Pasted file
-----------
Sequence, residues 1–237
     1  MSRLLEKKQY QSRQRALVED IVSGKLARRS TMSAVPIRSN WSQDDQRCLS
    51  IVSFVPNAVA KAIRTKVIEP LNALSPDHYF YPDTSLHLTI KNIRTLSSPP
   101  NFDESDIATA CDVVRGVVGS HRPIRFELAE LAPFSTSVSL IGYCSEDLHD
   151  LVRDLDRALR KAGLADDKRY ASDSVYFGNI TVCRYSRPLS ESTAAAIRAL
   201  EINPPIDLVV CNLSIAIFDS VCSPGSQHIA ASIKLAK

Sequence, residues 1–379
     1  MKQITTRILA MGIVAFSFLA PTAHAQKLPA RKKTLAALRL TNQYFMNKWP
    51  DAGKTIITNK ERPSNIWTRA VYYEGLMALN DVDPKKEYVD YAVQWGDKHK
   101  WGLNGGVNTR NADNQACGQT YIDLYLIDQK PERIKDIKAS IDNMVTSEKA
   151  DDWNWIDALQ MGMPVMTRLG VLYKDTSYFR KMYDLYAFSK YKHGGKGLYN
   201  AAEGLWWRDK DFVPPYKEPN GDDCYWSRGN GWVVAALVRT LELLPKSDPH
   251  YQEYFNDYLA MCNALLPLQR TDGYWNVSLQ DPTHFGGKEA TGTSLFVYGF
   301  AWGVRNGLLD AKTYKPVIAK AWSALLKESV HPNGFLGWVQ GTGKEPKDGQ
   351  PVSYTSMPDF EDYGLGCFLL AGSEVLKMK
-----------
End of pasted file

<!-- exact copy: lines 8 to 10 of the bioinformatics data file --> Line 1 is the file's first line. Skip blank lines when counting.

     1  MKQITTRILA MGIVAFSFLA PTAHAQKLPA RKKTLAALRL TNQYFMNKWP
    51  DAGKTIITNK ERPSNIWTRA VYYEGLMALN DVDPKKEYVD YAVQWGDKHK
   101  WGLNGGVNTR NADNQACGQT YIDLYLIDQK PERIKDIKAS IDNMVTSEKA